Have you ever wondered what goes into determining how much a forklift can really lift? It is a common misconception is that a forklift with a maximum rated lifting capacity of 5,000 lbs. can lift any 5,000 lb. load. This may not be the case depending on a number of factors.
Forklift Lifting Capacities: Load Size and Forklift Configuration
First, you have to consider the vertical and horizontal load center of the load that is being lifted, which essentially boils down to the load’s size and weight distribution. The longer, taller, and wider a load gets, the more it is going to affect a forklift’s center of gravity. Since the load center also depends on the load’s weight distribution, an unevenly distributed load can also reduce the overall lifting capacity of the forklift.
Second, you have to consider the truck’s capabilities for lift, tilt, and load manipulation. Forklifts are plated as standard for the worst case scenario, which includes all of these factors. The ability to move the load further away from the forklift’s center of gravity by lifting, tilting, or performing a function like side shift can all affect a forklift’s maximum capacity.
Speaking of attachments, there are more factors than just load manipulation that can affect capacity. An attachment’s effective thickness tells you how much further the load is pushed out from the truck’s fork face due to the attachment’s size. Its weight also plays a significant role as that increased weight out on the carriage reduces the load weight that the truck is capable of supporting.
Different tire types and tread widths also play a significant role. A cushion tire versus a solid or air-filled pneumatic tire, for example, can have an effect on capacity. Wide tread and dual tire configurations can also increase a truck’s overall capacity due to the wider stance increasing the size of the forklift’s stability triangle. Battery weight on an electric truck can also have an impact, which is one reason why using a battery that meets the truck’s minimum battery weight requirements is crucial to safe operation.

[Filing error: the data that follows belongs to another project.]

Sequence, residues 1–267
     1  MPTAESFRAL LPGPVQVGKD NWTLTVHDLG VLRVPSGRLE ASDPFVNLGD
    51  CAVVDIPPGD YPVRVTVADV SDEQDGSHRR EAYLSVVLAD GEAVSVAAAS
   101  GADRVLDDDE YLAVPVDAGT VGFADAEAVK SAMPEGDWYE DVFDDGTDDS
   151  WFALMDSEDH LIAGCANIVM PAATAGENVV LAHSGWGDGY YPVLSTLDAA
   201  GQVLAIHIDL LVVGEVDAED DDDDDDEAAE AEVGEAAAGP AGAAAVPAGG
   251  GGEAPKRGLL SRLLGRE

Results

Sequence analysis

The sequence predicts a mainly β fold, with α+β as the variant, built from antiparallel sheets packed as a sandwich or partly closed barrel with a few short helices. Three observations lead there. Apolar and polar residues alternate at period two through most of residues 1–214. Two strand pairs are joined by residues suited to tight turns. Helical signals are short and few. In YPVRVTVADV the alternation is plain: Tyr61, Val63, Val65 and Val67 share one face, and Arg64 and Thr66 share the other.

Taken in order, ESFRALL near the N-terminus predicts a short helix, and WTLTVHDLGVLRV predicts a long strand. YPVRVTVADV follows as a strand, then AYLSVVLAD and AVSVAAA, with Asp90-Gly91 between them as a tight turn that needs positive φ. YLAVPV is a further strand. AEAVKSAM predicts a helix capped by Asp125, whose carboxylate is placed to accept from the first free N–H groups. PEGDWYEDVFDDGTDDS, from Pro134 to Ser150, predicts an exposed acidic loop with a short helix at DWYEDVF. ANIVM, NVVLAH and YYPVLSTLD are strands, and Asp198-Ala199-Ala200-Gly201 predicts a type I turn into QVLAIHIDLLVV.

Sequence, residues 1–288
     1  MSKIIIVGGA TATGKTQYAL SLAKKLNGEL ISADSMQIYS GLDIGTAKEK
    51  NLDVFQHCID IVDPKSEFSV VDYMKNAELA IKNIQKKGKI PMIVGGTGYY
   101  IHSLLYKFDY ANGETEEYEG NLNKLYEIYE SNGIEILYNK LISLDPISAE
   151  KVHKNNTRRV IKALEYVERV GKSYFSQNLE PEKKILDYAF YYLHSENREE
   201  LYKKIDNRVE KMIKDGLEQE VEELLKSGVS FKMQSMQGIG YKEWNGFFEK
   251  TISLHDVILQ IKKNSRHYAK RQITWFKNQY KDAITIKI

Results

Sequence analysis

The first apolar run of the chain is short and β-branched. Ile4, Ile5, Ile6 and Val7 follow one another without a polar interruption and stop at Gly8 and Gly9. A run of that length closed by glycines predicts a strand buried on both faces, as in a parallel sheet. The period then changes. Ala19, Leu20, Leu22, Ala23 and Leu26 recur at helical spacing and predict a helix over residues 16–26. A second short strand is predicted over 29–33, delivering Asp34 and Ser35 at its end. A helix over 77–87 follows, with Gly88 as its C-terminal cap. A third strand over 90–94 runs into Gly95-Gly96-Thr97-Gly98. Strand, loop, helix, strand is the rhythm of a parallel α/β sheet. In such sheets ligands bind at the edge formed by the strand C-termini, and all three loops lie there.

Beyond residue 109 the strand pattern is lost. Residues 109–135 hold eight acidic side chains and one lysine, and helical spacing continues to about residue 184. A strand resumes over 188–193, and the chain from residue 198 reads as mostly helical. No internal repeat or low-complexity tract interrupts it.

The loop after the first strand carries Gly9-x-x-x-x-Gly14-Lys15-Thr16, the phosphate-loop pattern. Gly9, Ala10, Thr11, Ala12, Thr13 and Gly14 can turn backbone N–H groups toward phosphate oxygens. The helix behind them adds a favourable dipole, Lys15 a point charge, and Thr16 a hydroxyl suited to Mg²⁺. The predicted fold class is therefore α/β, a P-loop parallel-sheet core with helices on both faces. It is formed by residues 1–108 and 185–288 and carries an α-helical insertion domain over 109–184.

Forklift Data Plates: Limiting Factors & Regulations
One thing to also keep in mind is that the forks, each attachment, mast, and carriage all have their own individual rated capacities. The capacity listed on your data plate cannot exceed the maximum capacity of any load bearing component. For example, if you have a 10,000 lb. capacity forklift with an attachment that is only capable of handling 5,000 lbs., your maximum rated capacity for the combination of these two is 5,000 lbs., which is what will be listed on your data plate. It is important to remember that both ANSI and OSHA require data plates for each attachment and written approval from the forklift manufacturer for any modifications or alterations that may affect the capacity, stability, or safe operation of the forklift.
There are two different ways for a manufacturer to calculate capacity per ANSI B56.1 Section 7.6.3. The first is a tilt table test, which requires a forklift to be chained down to a tilt table and tested per the requirements outlined in ANSI B56.1 Section 7.6.4. The second is for manufacturers to calculate the forklift’s capacity based on factors like the ones mentioned above. Tested capacities are typically higher than calculated ones due to the conservative nature of the calculation, but this is not always the case.
Forklift Lifting Capacities and Data Plates Best Practices
The factors listed above are but a few of the primary factors that will be used to calculate a forklift’s rated capacity. Ultimately, it’s best for you to work with your local, authorized Toyota dealer when it comes to properly configuring your forklift for your application and load handling needs. This is especially important during the purchasing process, but also in regards to any modifications you may make to your forklift after receiving it, including any attachments that you plan use on the forklift or those acquired later on. For more information regarding forklift modifications and best practices, be sure to read this piece on forklift field modifications.
Product Marketing Specialist, Toyota Material Handling, USA